The Spirit of Tolerance In Islam Religion
Muham Sakura Dragon
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The Spirit of Tolerance In Islam Religion
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The Spirit of Tolerance In Islam Religion
What is tolerance? Literally the word “tolerance” means “to bear.” As a concept it means “respect, acceptance and appreciation of the rich diversity of the world’s cultures, forms of expression and ways of being human.” In Arabic it is called “Tasamuh”. There are also other words that give similar meanings, such as “Hilm” (forbearance) or “’`Afu” (pardon, forgiveness) or “Safh” (overlooking, disregarding). In the Persian and Urdu languages, we use the word “rawadari” which comes from “rawa” meaning “acceptable or bearable” and “dashtan” meaning “to hold”. Thus it means to hold something acceptable or bearable.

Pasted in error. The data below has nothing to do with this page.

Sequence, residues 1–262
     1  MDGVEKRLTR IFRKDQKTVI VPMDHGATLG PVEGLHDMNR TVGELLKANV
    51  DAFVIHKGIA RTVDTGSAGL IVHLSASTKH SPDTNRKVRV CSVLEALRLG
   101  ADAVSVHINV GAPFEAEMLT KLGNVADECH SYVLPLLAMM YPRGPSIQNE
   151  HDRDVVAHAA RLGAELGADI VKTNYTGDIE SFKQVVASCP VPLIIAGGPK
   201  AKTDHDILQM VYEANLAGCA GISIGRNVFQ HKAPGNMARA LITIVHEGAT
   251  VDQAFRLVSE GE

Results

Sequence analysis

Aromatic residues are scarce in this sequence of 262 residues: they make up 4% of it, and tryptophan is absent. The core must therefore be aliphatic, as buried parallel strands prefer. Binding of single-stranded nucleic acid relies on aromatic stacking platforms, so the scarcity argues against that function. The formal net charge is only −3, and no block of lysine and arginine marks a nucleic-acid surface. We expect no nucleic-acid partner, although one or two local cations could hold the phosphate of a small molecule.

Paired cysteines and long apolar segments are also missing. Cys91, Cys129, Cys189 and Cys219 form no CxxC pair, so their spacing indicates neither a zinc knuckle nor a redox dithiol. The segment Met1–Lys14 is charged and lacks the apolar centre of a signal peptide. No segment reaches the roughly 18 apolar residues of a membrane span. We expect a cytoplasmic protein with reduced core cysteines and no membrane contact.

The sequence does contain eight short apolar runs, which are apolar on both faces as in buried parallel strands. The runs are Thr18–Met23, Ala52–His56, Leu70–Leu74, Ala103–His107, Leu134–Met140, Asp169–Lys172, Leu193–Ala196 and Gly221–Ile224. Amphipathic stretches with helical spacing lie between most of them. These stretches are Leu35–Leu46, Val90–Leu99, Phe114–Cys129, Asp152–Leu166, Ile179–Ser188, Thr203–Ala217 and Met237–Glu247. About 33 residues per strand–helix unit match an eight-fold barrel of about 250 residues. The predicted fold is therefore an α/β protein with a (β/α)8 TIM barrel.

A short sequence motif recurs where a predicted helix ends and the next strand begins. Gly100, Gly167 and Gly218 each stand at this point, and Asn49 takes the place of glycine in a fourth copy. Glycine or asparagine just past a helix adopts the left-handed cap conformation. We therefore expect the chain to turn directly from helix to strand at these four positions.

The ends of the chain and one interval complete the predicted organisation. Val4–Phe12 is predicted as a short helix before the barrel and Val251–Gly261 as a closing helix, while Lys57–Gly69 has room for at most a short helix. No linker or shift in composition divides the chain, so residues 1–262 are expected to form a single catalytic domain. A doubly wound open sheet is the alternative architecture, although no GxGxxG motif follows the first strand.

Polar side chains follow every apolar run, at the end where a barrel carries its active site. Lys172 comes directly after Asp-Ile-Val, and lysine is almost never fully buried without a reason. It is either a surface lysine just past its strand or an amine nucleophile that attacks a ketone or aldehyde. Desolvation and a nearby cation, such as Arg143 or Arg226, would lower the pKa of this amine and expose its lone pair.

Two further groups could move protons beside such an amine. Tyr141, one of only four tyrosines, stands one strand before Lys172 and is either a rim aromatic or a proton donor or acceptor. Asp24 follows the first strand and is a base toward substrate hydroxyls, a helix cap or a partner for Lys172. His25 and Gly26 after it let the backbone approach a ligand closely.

Tolerance is a basic principle of Islam. It is a religious moral duty. It does not mean “concession, condescension or indulgence.” It does not mean lack of principles, or lack of seriousness about one’s principles. Sometimes it is said, “people are tolerant of things that they do not care about.” But this is not the case in Islam. Tolerance according to Islam does not mean that we believe that all religions are the same. It does not mean that we do not believe in the supremacy of Islam over other faiths and ideologies. It does not mean that we do not convey the message of Islam to others and do not wish them to become Muslims.